Keep Calm and Eat On

January 5, 2012

First Charlie Trotter, arguably the most important trailblazer in contemporary American fine dining, announces he's closing his restaurant. Then one of Chicago's pioneer gourmet food truck chefs—Matt Maroni, chef/owner of Gaztro-Wagon—says he's shutting down the storefront, handing over the keys to his truck, and stepping back from the metal-umlauted restaurant MörSo he opened. Also, Michael Jordan's restaurant one sixtyblue, one of the first to stake a claim on Randolph Street, will close to "undergo a major concept change".

And Paul McGee, bearded and bespectacled barman extraordinaire, is leaving The Whistler.

Add in the closure of Crust, Chicago's first certified organic restaurant; and the heartbreaking, raw story of the rise and fall of Meatyballs, perhaps the best known and beloved food truck in the city—created by one of the most thrilling chefs anywhere in the world today, Phillip Foss—and the season's restaurant news so far could seem depressing, even to seasoned food writers.

But fear not.

Charlie Trotter's, the restaurant, won't close until August—and is even running a countdown clock on its homepage—and will also host a series of special event dinners. Charlie Trotter, the man, will then live out another dream life for many of us: to go back to school to get a master's degree and travel the world. Janet Fuller, the former Sun-Times Food Editor to whom he personally broke the story, said "he's already thinking through his thesis—Dostoevsky vs. Nietzsche and the God question" and "as for travel, Trotter says North Africa is top on list. 'And I've so underexplored Asia that I can't even begin to talk about it.'"

When I interviewed Trotter last January, he said then he'd never been to Japan, which I found especially shocking since I thought he must have been inspired by experiencing some exquisite kaiseki cuisine.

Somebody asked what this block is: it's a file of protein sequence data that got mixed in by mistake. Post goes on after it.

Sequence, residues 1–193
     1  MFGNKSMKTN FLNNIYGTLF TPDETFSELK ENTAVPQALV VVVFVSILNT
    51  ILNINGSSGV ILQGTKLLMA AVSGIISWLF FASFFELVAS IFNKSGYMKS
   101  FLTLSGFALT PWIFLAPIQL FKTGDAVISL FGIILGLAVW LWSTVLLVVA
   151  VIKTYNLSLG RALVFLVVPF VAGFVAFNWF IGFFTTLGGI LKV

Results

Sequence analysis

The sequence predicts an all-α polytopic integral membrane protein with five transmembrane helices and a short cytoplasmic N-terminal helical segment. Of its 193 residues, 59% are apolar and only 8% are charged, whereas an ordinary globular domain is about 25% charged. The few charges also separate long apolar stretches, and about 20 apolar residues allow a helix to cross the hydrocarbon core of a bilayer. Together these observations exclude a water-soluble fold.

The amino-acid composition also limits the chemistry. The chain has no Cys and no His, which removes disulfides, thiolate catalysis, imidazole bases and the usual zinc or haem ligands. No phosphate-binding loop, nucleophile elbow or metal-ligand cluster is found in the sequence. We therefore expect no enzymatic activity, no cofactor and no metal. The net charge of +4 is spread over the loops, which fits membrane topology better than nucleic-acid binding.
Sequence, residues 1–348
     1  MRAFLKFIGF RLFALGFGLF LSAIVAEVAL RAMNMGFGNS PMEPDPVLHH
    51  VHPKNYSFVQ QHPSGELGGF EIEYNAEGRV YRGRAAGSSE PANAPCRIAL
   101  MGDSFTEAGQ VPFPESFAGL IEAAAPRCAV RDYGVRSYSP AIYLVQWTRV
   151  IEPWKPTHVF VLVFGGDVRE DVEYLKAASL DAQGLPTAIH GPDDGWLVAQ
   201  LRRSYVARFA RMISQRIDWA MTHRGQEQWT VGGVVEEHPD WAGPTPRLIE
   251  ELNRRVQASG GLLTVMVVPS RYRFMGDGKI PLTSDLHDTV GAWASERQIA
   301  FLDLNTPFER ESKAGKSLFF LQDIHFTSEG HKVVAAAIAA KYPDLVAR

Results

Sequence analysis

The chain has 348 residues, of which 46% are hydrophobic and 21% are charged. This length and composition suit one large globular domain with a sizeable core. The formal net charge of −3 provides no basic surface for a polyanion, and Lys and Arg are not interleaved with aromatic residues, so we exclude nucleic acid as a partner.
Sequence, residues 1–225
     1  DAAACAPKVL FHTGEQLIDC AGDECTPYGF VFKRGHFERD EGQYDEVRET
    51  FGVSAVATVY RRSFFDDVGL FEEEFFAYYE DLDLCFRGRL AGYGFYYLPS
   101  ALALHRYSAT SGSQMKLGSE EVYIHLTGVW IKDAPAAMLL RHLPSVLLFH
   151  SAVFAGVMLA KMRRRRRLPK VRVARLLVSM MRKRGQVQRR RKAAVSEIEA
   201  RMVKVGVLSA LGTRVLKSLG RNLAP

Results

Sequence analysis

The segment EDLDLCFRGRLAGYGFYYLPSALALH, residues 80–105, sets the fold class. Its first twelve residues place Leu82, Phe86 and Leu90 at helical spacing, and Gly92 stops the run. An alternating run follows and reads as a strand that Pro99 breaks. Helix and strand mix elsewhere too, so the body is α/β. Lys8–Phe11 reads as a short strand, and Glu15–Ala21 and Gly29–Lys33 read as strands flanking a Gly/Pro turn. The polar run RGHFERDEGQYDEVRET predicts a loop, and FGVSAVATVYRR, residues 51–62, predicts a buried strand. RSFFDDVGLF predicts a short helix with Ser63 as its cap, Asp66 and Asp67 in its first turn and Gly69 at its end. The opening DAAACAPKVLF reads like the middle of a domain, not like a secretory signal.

Maroni told me the Gaztro-Wagon truck will roll again—but not until Spring, with the MörSo team behind the wheel. (More on my interview with Maroni in an upcoming food truck series coming soon.)

one sixtyblue will also re-open in the "late Spring"—and the Michael Jordan's Steak House on Michigan Avenue in the InterContinental seems to be going strong.

I stopped by the MJSH grand opening party a few months ago and have to admit: I called my parents from the event—much to their excitement too. It's Jordan, it's steak: it's Chicago. We're proud of our stockyard palate.

McGee will be joining the Melman fils—R.J. and Jerrod—in their new River North concept, according to Time Out Chicago's Julia Kramer and David Tamarkin.

Crust owner Michael Altenberg still owns Bistro Campagne, in Lincoln Square, open since 2002—that's 10 years.

And then there's EL, Foss' "micro restaurant" serving breathtakingly beautiful dishes in an engaging setting. If he'd opened in an equally bleak arrondissement in Paris, instead of the Near Southwest Side of Chicago, he'd be the toast of the international food press. The relatively underground network of Serious International Fine Diners, though, are finding their way into his tiny dining room and spreading the word. (More on Foss in the food truck series too.)

And speaking of food trucks, Pleasant House Bakery's truck just rolled out for the first time today, serving up their savory British-ish by way of Bridgeport handmade Royal Pies.

Forget about keeping calm—run and get them!